Sleuthing out signs of disease is particularly difficult when those signs are only visible at the molecular scale. That’s why scientists developed a way to use the molecule that makes fireflies’ glow to lead the way.
Using a modified form of this molecule, known as luciferase, they can flag molecular signs of disease with light that’s visible to the naked eye. The researchers enabled luciferase to perform this task by attaching a synthetic molecule — a process known as tagging — that they specifically engineered to detect a particular molecular target.
“You can think of the tagged luciferase as a cyborg molecule … half bio, half synthetic,” senior study author Kai Johnsson said in a statement.
In this luciferase-based system, described in a paper published in the journal Nature Communications, the synthetic “tag” molecule acts like a switch. If the tag has not yet come across its target — which would consist of a particular protein indicative of disease — it prevents luciferase from producing light. When the tag identifies the target protein, it turns on luciferase, causing it to emit light.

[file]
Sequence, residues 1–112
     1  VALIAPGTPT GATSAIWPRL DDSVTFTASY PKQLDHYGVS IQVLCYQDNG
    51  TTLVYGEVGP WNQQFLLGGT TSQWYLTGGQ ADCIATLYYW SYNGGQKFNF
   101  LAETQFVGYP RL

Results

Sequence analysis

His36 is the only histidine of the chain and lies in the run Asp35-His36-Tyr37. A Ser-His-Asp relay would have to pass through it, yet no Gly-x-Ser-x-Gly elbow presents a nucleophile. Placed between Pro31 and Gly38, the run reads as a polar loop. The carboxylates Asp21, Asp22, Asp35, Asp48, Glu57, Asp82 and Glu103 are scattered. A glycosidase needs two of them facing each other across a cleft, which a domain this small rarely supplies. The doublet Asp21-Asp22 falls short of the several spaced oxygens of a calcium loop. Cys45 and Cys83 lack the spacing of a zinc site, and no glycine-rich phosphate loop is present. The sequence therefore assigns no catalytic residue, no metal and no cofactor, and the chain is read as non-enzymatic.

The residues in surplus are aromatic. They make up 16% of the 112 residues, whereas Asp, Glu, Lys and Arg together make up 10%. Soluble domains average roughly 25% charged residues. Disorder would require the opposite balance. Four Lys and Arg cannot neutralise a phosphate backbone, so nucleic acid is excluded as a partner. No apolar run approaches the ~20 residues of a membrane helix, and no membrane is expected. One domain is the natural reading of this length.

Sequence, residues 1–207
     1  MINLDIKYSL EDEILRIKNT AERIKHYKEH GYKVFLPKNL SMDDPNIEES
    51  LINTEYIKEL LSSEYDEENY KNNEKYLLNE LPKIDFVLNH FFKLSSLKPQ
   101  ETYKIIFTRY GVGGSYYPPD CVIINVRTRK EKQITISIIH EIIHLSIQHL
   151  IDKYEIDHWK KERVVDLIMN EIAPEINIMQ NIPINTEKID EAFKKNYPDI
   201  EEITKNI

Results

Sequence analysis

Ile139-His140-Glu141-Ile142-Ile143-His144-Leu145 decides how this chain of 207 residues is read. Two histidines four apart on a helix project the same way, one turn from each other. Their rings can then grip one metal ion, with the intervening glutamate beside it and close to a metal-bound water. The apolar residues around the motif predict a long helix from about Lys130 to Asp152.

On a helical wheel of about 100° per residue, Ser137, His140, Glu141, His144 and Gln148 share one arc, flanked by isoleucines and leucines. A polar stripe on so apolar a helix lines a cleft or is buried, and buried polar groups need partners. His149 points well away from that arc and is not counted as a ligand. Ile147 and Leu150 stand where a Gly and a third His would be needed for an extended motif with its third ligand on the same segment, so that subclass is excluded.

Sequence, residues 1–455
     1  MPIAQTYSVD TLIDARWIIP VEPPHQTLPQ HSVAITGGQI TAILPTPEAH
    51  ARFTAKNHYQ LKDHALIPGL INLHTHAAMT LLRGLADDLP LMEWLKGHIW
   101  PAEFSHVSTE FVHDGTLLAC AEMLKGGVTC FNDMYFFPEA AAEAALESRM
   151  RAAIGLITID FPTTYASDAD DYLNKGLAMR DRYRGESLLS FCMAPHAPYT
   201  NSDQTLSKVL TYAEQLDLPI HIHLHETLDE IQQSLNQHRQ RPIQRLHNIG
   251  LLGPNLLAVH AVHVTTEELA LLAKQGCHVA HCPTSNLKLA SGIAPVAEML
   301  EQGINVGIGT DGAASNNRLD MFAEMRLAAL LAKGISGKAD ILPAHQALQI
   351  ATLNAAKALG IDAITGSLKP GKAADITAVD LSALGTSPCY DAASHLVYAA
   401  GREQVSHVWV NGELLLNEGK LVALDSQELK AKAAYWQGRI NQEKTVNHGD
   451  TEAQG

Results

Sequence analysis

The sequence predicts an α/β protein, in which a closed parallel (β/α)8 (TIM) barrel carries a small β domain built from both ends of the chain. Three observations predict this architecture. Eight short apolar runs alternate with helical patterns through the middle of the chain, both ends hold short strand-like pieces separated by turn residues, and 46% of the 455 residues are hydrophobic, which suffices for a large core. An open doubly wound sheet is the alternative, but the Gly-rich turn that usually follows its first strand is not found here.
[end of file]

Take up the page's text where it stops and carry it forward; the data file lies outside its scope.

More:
This system could allow doctors to test for a disease by simply sending in the tagged luciferase to scout out disease indicators and then looking to see if the luciferase is lighting up. Since the light that luciferase produces is visible to the naked eye, this method does not require complex and often expensive devices to read the test results.
“This is a generalized design,” Johnsson said in a statement. “It shows how you can exploit synthetic chemistry to create sophisticated biosensor proteins.”
The potential applications of this method extend far beyond disease diagnosis. Scientists can adapt this system to target essentially any protein. Considering that proteins are the primary type of molecule found in living things, the future for this new luciferase system looks pretty bright.
The photo below shows tagged luciferase that is “off” on the left, and “on” on the right.